If you woke up today feeling lonely, hopeless and single, then today is your day, my friend.
February 15 is Singles’ Awareness Day when citizens of the Kingdom of Singledom can bask in meals-for-one and reminisce about the Valentine’s Days gone by when they were deluged with red balloons and heart-shaped chocolates. This year, if you received a card signed with a surreptitious ‘Love from ? xxx’, it was probably from some kind-hearted soul, likely to be your grandmother, who like everyone, is aware that you’re single.
The purpose of Singles’ Awareness Day, or S.A.D (how unfortunate) is to comfort “single people who are sick of feeling left out on Valentines Day”.
The day was originally marked on February 14 until the organisers rightly realised how depressing that was and moved it a day later. As if that’s much better. Surely a sunny day in June would be more appropriate?
ELL asked two of its single reporters to write about how they feel having a whole international holiday in honour of their negative Facebook relationship status.
For the first time in three years I am going to be a single people this Valentine’s Day. I know what you are thinking. One look at the picture of me above and you probably said to yourself, ‘with a face like that, how the hell is this guy single?!’ but, alas, just last month my girlfriend of two and a half years, and I, decided to go our separate ways.
And my new single status has given me a lot more time to think. I’ve covered all the big ones, the meaning of life? What to have for dinner? Who would win in a fight between Arnold Schwarzenegger and Sylvester Stallone?
I’ve even thought about Singles’ Awareness Day. And after thinking about it long and hard, I came up with one conclusion. Isn’t February 15 a bloody stupid time to have a day celebrating being single. Anyone with ten pence of sense knows that in the ranking of terrible days for single people to exist, February 15 has to be up there.
If February 14 is filled with people doing ‘nice couplely things’ together, February 15 is filled with people telling you about them:
Colleague: Oh I had a really great Valentines. First we went for a drink on the Southbank…..
Me: “Oh that’s great I’m really glad for you. I need to go now.”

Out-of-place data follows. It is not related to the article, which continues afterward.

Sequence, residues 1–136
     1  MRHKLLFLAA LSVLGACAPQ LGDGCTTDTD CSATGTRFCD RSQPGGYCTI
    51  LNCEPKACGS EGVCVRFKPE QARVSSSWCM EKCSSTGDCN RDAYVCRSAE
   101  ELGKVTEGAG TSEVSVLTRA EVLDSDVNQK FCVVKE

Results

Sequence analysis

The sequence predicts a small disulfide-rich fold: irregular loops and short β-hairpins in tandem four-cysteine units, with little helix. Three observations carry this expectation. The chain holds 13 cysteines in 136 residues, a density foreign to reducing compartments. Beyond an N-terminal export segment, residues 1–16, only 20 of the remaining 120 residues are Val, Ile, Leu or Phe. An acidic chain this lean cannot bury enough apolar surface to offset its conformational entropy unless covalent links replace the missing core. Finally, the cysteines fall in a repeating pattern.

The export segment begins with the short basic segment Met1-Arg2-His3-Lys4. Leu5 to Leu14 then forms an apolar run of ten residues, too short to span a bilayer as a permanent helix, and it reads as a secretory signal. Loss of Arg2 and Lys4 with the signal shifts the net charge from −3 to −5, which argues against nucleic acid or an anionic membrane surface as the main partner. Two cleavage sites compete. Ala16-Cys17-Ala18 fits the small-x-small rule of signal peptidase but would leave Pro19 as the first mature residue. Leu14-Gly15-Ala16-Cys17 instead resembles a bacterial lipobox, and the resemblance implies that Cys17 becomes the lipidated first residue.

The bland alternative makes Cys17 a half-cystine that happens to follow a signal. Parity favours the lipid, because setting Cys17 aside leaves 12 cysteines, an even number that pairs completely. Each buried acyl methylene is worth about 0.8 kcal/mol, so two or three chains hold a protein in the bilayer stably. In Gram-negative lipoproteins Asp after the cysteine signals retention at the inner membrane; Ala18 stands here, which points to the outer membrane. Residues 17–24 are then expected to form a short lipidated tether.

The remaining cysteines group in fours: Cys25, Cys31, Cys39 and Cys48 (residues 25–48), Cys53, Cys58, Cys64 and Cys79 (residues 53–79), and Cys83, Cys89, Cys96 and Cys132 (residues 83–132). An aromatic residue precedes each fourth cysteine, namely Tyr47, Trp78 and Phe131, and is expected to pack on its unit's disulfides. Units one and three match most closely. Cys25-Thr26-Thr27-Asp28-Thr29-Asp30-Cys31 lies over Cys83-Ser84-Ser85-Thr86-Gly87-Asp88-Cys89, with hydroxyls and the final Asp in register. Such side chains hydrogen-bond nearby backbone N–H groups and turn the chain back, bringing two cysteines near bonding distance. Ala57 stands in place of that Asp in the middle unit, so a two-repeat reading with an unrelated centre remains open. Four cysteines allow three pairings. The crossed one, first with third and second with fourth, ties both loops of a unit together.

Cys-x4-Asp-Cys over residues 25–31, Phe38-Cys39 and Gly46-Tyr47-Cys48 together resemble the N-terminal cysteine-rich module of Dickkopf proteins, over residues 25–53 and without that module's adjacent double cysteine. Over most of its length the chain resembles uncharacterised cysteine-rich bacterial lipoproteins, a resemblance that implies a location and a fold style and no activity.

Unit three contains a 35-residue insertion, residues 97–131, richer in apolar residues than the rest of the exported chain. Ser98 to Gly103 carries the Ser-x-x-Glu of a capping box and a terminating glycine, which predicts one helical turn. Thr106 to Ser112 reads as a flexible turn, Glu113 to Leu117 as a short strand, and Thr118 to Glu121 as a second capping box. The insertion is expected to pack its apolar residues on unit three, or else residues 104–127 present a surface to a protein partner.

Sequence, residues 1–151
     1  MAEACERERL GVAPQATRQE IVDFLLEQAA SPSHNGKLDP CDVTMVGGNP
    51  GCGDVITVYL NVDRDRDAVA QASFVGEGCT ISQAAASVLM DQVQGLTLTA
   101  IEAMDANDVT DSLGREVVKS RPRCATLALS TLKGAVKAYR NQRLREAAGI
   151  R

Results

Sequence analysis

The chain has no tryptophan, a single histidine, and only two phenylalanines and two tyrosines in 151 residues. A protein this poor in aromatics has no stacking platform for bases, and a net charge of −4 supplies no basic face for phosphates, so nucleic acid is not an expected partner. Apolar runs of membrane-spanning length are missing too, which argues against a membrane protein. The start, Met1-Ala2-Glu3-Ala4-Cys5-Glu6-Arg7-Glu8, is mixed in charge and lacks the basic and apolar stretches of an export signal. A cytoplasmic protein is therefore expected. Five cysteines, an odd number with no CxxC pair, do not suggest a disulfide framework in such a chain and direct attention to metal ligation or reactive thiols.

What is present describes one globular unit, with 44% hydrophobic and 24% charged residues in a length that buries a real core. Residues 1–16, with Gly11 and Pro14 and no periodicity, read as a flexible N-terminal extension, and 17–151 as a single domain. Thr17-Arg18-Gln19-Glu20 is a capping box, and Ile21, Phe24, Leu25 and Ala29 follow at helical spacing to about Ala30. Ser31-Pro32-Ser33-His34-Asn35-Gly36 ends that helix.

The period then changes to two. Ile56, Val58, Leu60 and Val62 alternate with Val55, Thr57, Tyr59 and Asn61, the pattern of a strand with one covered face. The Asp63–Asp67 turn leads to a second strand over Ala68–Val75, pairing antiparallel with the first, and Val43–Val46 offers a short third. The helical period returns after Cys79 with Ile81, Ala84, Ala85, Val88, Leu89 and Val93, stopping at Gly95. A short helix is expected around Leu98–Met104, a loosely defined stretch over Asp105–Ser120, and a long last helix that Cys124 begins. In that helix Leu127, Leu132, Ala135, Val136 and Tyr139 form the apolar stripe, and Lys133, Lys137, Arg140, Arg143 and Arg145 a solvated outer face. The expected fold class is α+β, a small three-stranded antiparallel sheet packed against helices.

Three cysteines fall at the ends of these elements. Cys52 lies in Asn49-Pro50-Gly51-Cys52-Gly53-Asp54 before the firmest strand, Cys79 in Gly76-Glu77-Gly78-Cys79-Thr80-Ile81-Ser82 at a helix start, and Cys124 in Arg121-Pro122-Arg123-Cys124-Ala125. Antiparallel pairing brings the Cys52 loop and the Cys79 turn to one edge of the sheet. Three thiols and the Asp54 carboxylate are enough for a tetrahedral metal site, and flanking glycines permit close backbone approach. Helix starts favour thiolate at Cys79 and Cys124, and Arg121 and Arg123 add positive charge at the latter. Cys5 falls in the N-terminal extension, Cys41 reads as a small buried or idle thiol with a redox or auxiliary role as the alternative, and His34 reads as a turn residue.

Colleague: Then he took me to this lovely restaurant. Trevor pulled the chair out for me – he’s really chivalrous like that – He got me a rose, which was pretty cute…….”
Me: “Sounds like you had a lovely night. I seriously need to go though.”
Colleague: Then he took me to the theatre. We went to see that play with who’s his face. I think he has a brother, or it might have been a sister, anyway he……
Me: “Look I don’t know if you know but today I am celebrating Single’s Awareness Day. I am supposed to be rejoicing in the fact that I don’t have a girlfriend. I can’t really do that with you giving me every fucking detail of your ‘romantic’ evening with Trevor, who lets be honest, probably paid for all of these things because he was hoping to get more than just a kiss on the cheek at the end of the night.”
Ok, maybe a bit strong, but there is a simple solution to avoid situations like this and ensure Single’s Awareness Day is not spoilt by tales of romance from friends and acquaintances.
It’s simple. Move Single’s Awareness Day two days forward. If there is any day of the year that those who are single hold the upper hand over those who are not, it has to be February 13.
If you are single on February 13, you don’t have to worry about scrambling around Lewisham Shopping Centre for that last minute present, you don’t have to listen to that restauranteur on the other end of the line tell you smugly, ‘We are fully booked, it is Valentine’s Day after all’, and you don’t have to live with the knowledge that whatever you get your girlfriend, no matter how big, she will inevitably be disappointed.
So I call on you Singles’ Awareness Day organisers! Take notice of my words and make that change. SAD should not be a day ruined with tales of candles, restaurants and over-blown romantic gestures. SAD should be a day when singles can truly feel smug about being unattached. SAD should be on February 13.
My name is Laura and I am a single. I have 46 days of relationship sobriety. I first discovered I had a problem at New Years when I got dumped over champagne at midnight. The worst part? I had just spent a three figure sum on six months worth of waxes, and to add insult to injury, Cameron Diaz came out a couple of weeks later saying the “all off” was no longer in fashion.
Today you are supposed to pity my plight, as it is Singles Awareness Day. Much like the other 364 days of the year when you will invariably throw me a consolatory “don’t worry, you’ll find Mr Right soon” or “how are you single?!”. Oh stop it, no really. I don’t see why being single is seen as a negative or why loving it is a cliche.
Take Channel 4’s First Dates for example, the premise for the uninitiated is that the good old, up for anything general public, apply online to go on a first date onscreen, and we the viewers watch the awkwardness unfold in all its glory. If only Attenborough did the voiceover. OK, it was designed to be car crash TV, but actually the most humbling thing about it was Ben and Regan. Ben was worried about how to break the fact he was born without any fingers on his left hand to his date, while Regan admitted she had “more front than Blackpool” due to a troubled childhood.
Let’s face it none of us are perfect, and it takes balls to open up in a relationship but also to go it alone. And you know what, the most important relationship is the one you have with yourself, there is no shame in that or being single as a matter of fact. By far the best piece of post break up advice I received was: “what you need is a Beyonce moment”. Now, not all of us have the booty, or nerve, to take to a neon roller rink in hot pants, but strut your stuff singles, after all our day has truly come.